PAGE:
Fullness and freedom—two aspects of Christian life that we all want to share. Paul wrote about them at length (and depth) in his letter to the Christians at Colossae, where certain new teachers were proclaiming that "mere Christianity" is not enough. There is, they suggested, a fuller experience, a greater liberation, than they had so far enjoyed. But Paul was adamant: all God's fullness is in Christ alone, and only through his complete work are we set free.
These are the great objective truths of the faith that Dick Lucas highlights in his exposition, enabling us to see both the riches that are ours in Christ and the irrelevance--even blasphemy—of all would-be improvements on what God has done.
In the Logos edition, this volume is enhanced by amazing functionality. Important terms link to dictionaries, encyclopedias, and a wealth of other resources in your digital library. Perform powerful searches to find exactly what you’re looking for. Take the discussion with you using tablet and mobile apps. With Logos Bible Software, the most efficient and comprehensive research tools are in one place, so you get the most out of your study.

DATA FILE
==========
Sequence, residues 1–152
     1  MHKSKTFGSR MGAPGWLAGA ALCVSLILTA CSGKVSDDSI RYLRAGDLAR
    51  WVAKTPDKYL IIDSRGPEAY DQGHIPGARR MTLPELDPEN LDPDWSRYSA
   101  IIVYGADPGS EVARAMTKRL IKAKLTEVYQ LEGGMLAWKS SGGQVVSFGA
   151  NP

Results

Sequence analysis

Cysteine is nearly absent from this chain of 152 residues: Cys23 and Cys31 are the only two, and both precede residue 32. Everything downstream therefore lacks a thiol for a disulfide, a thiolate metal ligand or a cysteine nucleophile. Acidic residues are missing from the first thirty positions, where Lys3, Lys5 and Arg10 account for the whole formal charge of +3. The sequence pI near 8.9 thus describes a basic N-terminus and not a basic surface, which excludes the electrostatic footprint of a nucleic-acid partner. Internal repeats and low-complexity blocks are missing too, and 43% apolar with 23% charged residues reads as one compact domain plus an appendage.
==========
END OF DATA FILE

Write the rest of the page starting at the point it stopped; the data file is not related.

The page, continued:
“Secondly, the visitors spoke of a new spiritual ‘freedom’ which those who followed them would enjoy.” (Page 23)
“Thirdly, the visitors appear to have claimed particular insight into the powers of evil, and to be able to give believers special protection from them.” (Page 24)
“Finally, the visitors were, unhappily, divisive in their influence.” (Page 24)
“Further, the visitors were inclined to be superior to, even critical of, ‘ordinary’ believers.” (Page 24)
“Paul does not ask for the Christians a new knowledge, however, but rather the proper use of what is already theirs in Christ, so that they can the better discern the will of God for their lives.” (Page 37)
Richard Charles “Dick” Lucas (born 1925) is an Anglican evangelical clergyman, best known for his long ministry at St Helen’s Bishopsgate in London, England. He is also known as a founder of The Proclamation Trust and the Cornhill Training Course, and as the author of a number of evangelical books and commentaries. With John Stott and others, Lucas was a key figure in shaping the conservative evangelical movement in the United Kingdom during the 20th Century.